If you have time and it is open, take an elevator ride to the top of the Old Post Office Tower for spectacular views of the city from up high. The tower is home to the Congress Bells, a gift from England which are played on special occasions.
No trip to Washington DC would be complete without a glimpse at the Nation's founding documents. Here you can see the Declaration of Independence, The Constitution, and The Bill of Rights along with other documents significant to the history of our country. While in line make sure to stop and look at the Magna Carta located on the wall just outside the Rotunda.
This is a great place to get an overview of the Smithsonian museums that are located on the mall. If you have time in the afternoon, or whenever you are near The Mall Metro stop, take a few minutes to pop your head in here to learn more about which museums will interest your family. While here, don't miss the tomb of James Smithson, the founding donor of the Smithsonian Institute.
If time permits, this is a nice place to visit after the National Archives. Here you will find The Star Spangled Banner, The gowns and china of the first ladies, and other American Memorabilia. You could spend and entire day in each of the Smithsonian Museums and not see everything, so you will need to budget your time, and plan ahead to make the most of your visit. What interests your family? What are your not-to-be-missed items? Start with those to save time and tired feet!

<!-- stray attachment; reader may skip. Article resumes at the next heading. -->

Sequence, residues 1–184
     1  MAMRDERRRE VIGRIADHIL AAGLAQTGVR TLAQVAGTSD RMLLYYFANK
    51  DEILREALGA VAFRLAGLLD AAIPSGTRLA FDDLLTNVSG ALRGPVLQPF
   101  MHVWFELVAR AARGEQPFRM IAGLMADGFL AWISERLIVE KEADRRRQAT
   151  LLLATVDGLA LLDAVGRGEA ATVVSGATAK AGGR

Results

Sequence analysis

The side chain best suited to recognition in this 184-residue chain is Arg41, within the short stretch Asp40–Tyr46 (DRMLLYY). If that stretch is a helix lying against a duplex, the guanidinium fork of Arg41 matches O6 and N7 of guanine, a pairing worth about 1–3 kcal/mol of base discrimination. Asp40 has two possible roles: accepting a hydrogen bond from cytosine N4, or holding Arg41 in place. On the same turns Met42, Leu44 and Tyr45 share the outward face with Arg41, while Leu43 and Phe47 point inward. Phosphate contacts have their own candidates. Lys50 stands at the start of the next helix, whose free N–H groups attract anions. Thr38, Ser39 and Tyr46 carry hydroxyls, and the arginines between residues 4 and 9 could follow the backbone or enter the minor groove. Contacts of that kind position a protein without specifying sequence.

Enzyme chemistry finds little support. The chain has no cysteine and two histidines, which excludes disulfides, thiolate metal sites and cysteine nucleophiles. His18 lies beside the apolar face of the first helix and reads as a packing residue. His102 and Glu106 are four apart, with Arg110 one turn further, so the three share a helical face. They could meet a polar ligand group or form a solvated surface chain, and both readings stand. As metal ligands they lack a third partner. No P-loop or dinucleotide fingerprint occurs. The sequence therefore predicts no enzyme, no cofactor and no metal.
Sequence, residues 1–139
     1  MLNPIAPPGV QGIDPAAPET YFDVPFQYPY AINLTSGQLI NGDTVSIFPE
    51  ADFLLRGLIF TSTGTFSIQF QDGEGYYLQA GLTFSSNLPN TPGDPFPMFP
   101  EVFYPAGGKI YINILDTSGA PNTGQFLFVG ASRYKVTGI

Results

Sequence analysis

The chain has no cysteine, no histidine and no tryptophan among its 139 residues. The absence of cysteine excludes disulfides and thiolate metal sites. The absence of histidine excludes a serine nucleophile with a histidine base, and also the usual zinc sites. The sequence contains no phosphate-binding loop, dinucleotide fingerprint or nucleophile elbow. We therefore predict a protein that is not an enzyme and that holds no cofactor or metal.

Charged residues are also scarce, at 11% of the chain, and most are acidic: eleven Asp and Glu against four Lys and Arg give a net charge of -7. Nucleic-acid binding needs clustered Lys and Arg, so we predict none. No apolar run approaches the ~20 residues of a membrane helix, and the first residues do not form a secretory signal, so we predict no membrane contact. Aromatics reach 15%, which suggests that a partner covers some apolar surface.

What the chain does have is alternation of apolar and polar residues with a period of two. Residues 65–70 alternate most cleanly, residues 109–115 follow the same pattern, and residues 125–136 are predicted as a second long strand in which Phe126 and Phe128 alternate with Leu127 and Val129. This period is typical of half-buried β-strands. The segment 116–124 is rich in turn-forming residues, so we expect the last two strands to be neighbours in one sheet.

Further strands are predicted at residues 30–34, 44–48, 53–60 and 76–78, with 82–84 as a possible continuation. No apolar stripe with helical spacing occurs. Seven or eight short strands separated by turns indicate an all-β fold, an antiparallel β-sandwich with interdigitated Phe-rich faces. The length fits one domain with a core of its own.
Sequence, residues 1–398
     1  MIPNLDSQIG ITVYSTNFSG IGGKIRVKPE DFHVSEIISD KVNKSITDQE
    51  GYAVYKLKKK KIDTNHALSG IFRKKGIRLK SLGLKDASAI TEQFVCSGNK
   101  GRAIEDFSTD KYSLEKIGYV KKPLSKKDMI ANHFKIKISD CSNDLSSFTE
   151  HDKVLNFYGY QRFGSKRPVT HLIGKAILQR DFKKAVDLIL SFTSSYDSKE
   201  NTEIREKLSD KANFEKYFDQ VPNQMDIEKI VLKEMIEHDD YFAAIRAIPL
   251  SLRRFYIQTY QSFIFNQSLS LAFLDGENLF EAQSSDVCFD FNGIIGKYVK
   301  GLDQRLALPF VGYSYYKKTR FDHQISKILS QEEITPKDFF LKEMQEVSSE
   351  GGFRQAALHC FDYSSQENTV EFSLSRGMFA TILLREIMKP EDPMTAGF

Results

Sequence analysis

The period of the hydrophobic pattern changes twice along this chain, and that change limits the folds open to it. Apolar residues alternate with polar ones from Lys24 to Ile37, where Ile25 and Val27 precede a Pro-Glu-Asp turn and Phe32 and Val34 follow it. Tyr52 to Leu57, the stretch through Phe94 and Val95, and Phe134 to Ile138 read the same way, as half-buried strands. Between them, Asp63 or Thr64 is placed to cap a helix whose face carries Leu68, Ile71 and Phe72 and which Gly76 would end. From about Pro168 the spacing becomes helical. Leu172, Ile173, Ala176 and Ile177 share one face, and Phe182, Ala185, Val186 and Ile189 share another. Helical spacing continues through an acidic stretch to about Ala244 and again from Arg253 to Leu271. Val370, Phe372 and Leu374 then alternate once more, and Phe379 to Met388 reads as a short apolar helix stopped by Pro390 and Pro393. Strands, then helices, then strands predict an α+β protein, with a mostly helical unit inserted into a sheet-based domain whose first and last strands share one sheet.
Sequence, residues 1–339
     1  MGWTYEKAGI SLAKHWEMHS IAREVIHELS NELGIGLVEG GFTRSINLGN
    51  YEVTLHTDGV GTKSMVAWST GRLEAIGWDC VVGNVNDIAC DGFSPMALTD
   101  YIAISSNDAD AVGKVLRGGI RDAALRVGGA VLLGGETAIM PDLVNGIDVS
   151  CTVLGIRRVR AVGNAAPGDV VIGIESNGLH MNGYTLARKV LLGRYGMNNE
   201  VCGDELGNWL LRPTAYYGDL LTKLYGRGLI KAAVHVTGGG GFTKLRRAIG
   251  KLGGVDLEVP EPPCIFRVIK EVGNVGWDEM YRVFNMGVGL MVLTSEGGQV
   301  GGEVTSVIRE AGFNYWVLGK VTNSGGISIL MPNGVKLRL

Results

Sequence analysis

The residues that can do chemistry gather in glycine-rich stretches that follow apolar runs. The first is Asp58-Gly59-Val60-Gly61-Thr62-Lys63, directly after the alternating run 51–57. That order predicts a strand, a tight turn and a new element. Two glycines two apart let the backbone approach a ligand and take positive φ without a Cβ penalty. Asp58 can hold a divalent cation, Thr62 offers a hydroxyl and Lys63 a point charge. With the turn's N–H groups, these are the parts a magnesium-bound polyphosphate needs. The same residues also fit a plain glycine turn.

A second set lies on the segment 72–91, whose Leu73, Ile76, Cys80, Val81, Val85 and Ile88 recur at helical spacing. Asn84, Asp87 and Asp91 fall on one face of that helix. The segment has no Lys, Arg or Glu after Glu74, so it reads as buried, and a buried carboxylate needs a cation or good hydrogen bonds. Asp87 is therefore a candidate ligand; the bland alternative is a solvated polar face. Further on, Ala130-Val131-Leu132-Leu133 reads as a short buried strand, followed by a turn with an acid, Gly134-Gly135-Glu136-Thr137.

Ah, Ben's Chili Bowl. In our opinion, no visit to DC is complete without a visit to this spot. Bill Cosby and President Obama made it famous with their visits as well as others. You can find pictures on the wall. This place is always packed, but like your good hometown cafe, there's always a spot for your. The staff here work hard and make everyone feel like they are at home. Make sure you try a chili dog, or chili half smoke if you are feeling adventurous! Ben's Chili Bowl is located about 2 blocks from the U Street Metro Stop in a row of unique restaurants and night-life spots.
Wow! This was a hidden treasure that we were not expecting on our visit to Washington DC. After reading the guide books, we thought we knew what we were in for, but we were greeted with an amazing building with magnificent architecture. We found this a great way to marvel the greats of the literary world, but were taken aback at every corner by the beauty of the interior of the building.
This little gem is located just east of the Library of Congress. The outside of the building offers murals of Shakespeare's most famous plays. Inside you will find an intimate theater and a nice little museum showcasing some books and artifacts from Shakespeare.